I’ve choose Van Goch’s (after Millet) 1889 painting The Sower to illustrate today’s post as I want to build on the parable of the Sower from Matthew’s Gospel which I reproduce below. I’ve long used it as parable and as metaphor to understand some of the basic principles behind the safe-to-fail approach that was the subject of yesterday’s post. Seed is cheap, soil surveys are expensive and you never know when the unexpected might happen. So cast the seed widely and see what grows, then focus your care and attention where you know it will have effect.
In modern terms that means dynamic reallocation of budgets in the context of evidence based emergent capability, a reversal of the normal approach to government investment which focuses on outcomes and the ability to fill out forms. I’ve never understood that aspect of Government by the way. We want more local entrepreneurs, we know that the nature of such people is that they are not bureaucratic form fillers so what do we ask them to do? Fill out forms …..
… there must as they say be a better way. Small entrepreneurs who stay in rural areas or impoverished areas of cities and help rebuild their local communities are what we need. Not government sponsored programmes to encourage people to leave those areas into tech startups. Creating your own country’s silicon valley just encourages your people to go to the real one not re-energise your own economy. Interestingly from various conversations this is a problem in Sydney Australia as much as in Bogota Colombia.
So to the parable and some examples of what I am talking about.
….Behold, a sower went forth to sow;
And when he sowed, some seeds fell by the way side, and the fowls came and devoured them up:
Some fell upon stony places, where they had not much earth: and forthwith they sprung up, because they had no deepness of earth:
And when the sun was up, they were scorched; and because they had no root, they withered away.
And some fell among thorns; and the thorns sprung up, and choked them:
But other fell into good ground, and brought forth fruit, some an hundredfold, some sixtyfold, some thirtyfold.
The key way in which I am using that is that we can’t know in advance what will or will not work. As a funding agency we don’t have the street smarts to work out the early stage interventions that would make a real difference, and even on the streets they may only have knowledge that is retrospectively coherent.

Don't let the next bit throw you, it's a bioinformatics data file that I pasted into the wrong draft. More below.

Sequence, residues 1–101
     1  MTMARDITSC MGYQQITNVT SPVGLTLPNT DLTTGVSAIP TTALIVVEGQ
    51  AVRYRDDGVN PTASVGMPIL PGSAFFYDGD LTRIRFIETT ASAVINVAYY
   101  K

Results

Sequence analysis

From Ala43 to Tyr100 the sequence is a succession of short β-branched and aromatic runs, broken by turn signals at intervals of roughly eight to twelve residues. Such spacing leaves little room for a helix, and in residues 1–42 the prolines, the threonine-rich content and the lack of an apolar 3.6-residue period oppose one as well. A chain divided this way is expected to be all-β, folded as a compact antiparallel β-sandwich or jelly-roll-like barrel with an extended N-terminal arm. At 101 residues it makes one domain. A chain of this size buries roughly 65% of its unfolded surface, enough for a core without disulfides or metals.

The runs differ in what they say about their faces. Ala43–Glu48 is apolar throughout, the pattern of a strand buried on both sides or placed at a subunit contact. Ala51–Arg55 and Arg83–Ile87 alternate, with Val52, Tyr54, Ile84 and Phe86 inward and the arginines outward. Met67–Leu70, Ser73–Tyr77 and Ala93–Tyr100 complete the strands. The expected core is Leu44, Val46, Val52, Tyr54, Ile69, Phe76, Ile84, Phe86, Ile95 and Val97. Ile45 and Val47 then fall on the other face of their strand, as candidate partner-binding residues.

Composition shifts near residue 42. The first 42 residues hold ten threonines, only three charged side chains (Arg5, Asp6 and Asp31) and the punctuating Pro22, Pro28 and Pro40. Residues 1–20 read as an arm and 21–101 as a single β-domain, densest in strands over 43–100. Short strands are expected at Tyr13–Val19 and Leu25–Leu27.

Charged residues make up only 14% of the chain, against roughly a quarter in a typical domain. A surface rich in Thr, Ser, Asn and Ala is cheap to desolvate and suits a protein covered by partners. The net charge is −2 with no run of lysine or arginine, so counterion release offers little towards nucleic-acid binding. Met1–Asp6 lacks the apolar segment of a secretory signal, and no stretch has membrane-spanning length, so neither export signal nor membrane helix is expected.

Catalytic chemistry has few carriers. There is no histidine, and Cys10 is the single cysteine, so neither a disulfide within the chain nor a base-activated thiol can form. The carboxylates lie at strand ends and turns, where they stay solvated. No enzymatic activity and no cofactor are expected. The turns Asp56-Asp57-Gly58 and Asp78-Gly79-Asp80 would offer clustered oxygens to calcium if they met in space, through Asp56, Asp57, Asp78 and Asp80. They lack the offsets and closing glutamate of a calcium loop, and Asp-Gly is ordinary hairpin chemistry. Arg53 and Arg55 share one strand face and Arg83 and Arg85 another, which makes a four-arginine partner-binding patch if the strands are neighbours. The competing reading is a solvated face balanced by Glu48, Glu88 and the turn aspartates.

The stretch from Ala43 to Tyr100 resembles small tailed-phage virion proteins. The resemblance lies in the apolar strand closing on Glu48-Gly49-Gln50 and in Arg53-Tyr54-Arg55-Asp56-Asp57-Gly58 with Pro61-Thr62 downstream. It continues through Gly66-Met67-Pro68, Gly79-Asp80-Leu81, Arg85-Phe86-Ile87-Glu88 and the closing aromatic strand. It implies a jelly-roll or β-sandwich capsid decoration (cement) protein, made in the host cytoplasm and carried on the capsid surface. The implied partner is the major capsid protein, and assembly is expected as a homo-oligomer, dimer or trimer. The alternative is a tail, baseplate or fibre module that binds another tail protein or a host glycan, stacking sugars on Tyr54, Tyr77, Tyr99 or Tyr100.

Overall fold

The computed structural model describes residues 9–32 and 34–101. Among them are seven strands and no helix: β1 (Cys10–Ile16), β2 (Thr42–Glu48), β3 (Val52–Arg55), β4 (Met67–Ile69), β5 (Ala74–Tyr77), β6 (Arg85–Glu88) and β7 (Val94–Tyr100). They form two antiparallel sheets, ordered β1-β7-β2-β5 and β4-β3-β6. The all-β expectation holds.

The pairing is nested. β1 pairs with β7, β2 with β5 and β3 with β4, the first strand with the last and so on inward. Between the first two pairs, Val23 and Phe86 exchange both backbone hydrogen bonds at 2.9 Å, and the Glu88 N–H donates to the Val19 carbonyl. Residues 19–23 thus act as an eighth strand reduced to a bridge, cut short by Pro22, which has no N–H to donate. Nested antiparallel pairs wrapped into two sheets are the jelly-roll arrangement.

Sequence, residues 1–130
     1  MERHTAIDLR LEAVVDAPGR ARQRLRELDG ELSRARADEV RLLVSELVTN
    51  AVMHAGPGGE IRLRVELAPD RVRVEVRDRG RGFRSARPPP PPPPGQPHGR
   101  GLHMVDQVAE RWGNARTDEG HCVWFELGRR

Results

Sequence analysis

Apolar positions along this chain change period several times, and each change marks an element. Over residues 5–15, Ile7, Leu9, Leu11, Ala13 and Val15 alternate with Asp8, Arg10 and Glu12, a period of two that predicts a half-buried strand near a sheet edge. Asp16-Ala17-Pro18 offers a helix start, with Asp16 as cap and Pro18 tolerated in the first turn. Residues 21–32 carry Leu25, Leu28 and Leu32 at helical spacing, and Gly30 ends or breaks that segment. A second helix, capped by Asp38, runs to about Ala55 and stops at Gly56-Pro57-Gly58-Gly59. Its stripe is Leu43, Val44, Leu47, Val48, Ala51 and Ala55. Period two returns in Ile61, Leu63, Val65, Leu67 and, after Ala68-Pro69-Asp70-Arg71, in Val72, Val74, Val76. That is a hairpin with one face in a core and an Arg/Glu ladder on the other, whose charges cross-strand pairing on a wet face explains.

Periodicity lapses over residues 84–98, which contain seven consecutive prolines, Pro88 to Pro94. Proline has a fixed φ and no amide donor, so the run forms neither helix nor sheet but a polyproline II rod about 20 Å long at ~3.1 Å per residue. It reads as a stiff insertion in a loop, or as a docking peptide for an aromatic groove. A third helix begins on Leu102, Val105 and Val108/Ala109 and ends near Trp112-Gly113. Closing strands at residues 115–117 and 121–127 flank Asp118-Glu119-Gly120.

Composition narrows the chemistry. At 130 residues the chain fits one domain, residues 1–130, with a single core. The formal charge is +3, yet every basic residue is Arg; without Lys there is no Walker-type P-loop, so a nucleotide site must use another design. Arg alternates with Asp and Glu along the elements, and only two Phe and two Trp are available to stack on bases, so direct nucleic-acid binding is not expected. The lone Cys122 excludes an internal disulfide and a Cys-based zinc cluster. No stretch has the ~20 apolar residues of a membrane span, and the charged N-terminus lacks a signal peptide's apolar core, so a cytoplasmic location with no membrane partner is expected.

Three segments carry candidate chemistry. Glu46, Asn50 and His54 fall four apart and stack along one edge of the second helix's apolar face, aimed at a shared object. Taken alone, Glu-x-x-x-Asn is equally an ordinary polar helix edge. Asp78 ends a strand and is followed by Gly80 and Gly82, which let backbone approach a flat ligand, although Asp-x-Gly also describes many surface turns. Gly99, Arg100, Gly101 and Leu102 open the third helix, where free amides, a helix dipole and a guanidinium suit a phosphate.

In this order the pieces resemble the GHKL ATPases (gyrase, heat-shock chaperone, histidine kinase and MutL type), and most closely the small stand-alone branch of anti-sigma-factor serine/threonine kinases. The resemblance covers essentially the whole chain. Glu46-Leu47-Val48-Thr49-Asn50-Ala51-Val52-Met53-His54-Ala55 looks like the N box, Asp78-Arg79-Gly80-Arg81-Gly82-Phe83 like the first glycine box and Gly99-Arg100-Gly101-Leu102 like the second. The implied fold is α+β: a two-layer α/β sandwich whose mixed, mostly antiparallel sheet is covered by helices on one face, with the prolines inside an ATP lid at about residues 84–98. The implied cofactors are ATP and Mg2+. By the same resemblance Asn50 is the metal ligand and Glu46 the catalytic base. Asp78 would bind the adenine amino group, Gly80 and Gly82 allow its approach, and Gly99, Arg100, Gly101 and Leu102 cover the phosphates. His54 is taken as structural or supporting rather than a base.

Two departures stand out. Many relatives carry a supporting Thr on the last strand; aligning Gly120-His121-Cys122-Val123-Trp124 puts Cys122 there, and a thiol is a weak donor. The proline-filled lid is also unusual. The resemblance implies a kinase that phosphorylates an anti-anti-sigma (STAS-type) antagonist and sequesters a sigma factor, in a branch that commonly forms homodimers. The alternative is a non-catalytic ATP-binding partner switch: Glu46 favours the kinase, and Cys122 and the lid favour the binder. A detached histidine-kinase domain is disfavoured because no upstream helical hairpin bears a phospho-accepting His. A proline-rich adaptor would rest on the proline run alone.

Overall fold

One of the ways we have been working this is by using SenseMaker® in both environments. With Innpulsa in Colombia we started to look at attitudes to entrepreneurial behaviour by capturing the day to day stories of frustrations in six cities. With out new partner Uniminuto we will now launch more targeted programmes using local people as ethnographers to understand the patterns of potential – in effect spreading the seed. As opportunities present themselves we will be able to rapidly deploy resource to nourish early signs of sprouting (to continue the metaphor) with small interventions. I had several conversations in Bangor last week and we plan similar initiatives in impoverished urban areas in Gwynedd and Môn. For anyone interested that programme can be made available to anyone working on urban renewal.
It is not just the cities, we found valuable material in programmes with CRS among coffee growers in Colombia and with IFAD looking at some of the implications of global warming for farmers in Vietnam. The bottom up ethnographic approach in both cases showed a strong need for more sustainable practice, using local knowledge and capabilities. The peer to peer knowledge flow that is possible with SenseMaker® is something that helps there and I plan some short term developments there to allow fragmented ideas from different continents to blend at a peer to peer level through the day to day stories of peoples concrete experience.
More on all of that in the future, but we are now looking for new partners in this novel approach to urban and rural regeneration using local savvy.